ABSTRACT: Self-assembled arrays of atomic chains on Si(111) represent a fascinating family of nanostructures with quasi-one-dimensional electronic properties. These surface reconstructions are stabilized by a variety of adsorbates ranging from alkali and alkaline earth metals to noble and rare earth metals. Combining the complementary strength of dynamical low-energy electron diffraction, scanning tunneling microscopy and angle-resolved photoemission spectroscopy, we recently showed that besides monovalent and divalent adsorbates, trivalent adsorbates are also able to stabilize silicon honeycomb chains. Consequently silicon honeycomb chains emerge as a most stable, universal building block shared by many atomic chain structures. We here present the systematics behind the self-assembly mechanism of these chain systems and relate the valence state of the adsorbate to the accessible symmetries of the chains.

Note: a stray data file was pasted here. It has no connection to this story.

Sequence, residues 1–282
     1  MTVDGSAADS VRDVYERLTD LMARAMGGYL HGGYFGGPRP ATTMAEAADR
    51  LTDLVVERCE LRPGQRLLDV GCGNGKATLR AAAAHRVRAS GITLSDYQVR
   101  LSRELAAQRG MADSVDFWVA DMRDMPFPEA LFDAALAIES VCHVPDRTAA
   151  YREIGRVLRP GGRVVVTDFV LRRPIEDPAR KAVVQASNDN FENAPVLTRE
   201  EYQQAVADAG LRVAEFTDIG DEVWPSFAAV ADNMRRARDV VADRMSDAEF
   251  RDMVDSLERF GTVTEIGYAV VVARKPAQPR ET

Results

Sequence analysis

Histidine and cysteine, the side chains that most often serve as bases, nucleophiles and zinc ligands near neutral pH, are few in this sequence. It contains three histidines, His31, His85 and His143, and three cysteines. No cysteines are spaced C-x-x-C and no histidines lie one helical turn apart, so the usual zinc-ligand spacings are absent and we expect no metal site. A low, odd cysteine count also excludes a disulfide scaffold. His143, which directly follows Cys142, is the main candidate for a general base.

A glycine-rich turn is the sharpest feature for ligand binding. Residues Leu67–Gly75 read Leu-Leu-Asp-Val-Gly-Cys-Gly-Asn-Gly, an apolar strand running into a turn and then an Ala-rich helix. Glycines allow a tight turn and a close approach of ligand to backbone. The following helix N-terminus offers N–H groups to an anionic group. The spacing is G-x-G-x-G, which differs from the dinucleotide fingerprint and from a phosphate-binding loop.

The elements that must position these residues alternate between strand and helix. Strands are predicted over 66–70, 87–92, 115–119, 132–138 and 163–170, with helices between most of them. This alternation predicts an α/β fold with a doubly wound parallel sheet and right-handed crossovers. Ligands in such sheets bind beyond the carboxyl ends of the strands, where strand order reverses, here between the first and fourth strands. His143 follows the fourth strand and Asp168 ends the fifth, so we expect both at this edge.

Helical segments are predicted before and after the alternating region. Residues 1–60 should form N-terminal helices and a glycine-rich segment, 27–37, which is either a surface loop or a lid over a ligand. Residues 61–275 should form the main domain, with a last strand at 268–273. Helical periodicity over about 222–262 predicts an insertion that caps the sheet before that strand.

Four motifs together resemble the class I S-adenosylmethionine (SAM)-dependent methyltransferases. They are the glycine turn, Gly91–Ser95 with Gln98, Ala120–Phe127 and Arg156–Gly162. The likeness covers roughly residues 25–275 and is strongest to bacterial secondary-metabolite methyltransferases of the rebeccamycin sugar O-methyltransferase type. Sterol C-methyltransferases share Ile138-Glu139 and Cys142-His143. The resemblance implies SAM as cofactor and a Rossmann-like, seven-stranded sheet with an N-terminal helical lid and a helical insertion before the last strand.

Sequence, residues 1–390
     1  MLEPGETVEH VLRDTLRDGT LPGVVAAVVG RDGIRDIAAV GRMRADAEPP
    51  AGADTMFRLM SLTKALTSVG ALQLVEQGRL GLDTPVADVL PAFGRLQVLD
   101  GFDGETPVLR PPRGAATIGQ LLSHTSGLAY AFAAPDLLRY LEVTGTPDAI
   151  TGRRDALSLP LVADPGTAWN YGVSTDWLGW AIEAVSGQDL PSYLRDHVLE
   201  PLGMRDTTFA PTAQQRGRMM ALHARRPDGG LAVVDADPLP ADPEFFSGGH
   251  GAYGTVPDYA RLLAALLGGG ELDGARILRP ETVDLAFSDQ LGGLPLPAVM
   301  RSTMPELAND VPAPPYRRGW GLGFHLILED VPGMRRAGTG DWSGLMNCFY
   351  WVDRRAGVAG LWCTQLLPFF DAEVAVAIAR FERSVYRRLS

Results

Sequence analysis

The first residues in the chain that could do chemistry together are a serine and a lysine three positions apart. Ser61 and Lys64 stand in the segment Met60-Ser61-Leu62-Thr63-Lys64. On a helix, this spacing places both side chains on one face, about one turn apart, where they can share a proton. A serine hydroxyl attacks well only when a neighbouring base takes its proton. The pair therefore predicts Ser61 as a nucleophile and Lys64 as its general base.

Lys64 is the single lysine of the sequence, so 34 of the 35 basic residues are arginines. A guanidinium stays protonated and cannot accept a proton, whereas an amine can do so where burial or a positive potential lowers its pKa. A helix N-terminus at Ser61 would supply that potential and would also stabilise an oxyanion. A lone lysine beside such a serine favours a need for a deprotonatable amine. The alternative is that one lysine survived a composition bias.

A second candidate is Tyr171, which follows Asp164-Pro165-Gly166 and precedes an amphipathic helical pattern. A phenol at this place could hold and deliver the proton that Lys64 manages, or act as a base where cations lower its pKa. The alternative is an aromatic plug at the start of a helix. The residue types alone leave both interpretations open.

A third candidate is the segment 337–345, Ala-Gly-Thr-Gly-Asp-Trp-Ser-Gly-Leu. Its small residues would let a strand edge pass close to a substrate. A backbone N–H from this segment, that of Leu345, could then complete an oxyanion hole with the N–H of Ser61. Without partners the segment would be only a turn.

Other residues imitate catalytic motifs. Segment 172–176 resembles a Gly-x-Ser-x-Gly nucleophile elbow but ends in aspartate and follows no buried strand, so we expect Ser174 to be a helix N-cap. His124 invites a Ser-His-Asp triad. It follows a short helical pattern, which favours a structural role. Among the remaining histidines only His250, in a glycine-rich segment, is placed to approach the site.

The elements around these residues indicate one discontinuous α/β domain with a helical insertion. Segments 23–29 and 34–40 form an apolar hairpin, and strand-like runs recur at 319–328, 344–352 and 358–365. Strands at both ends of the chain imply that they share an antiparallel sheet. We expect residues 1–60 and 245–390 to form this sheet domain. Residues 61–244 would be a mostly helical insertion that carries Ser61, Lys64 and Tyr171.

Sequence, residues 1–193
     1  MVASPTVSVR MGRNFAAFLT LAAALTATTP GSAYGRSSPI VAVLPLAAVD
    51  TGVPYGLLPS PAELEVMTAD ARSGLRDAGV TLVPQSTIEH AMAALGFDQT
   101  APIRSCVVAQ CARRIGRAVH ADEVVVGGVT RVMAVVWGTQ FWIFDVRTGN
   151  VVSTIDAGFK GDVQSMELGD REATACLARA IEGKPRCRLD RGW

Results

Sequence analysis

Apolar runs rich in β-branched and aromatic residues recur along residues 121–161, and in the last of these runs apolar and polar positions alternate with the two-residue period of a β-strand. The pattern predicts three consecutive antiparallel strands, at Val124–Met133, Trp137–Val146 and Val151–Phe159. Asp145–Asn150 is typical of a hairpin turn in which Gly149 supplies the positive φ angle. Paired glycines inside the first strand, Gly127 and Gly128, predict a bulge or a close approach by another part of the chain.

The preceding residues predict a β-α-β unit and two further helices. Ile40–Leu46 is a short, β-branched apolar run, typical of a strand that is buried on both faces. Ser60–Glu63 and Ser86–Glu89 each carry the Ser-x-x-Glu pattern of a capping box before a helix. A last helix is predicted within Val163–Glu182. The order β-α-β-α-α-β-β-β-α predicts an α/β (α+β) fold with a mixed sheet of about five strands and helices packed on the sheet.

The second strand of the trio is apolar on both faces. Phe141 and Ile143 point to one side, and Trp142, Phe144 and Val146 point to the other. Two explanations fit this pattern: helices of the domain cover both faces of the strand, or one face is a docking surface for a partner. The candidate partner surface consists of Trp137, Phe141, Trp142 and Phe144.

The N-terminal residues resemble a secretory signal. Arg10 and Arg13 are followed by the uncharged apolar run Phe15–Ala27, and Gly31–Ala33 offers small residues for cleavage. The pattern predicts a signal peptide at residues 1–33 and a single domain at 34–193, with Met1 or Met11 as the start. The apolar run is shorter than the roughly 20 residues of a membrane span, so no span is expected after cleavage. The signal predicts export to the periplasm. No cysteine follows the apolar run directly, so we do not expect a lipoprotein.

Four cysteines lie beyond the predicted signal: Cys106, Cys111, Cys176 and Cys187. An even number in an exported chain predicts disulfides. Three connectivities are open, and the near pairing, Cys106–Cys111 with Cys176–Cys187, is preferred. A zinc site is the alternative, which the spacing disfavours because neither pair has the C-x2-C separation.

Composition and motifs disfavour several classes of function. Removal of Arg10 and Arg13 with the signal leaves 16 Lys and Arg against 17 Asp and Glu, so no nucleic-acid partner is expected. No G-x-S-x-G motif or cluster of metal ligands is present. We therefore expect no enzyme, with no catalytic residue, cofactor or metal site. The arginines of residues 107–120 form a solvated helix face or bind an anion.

Journal of Physics Conference Series 07/2007;
  • Source
    [Show abstract] [Hide abstract]
    ABSTRACT: The authors investigated a 1 μm thick molecular beam epitaxy–grown InN film by means of full hemispherical x-ray photoelectron diffraction and high resolution x-ray diffraction. While x-ray diffraction reveals that this nominally hexagonal InN layer contains roughly 1% of cubic phase InN, a comparison between measured and simulated x-ray photoelectron diffraction data allowed them to directly determine the polarity of the crystal. Furthermore, the data indicate that the InN surface consists of a mosaic of domains oriented at an azimuth of 180° to each other, where the azimuth corresponds to the rotation angle around the [0001] axis.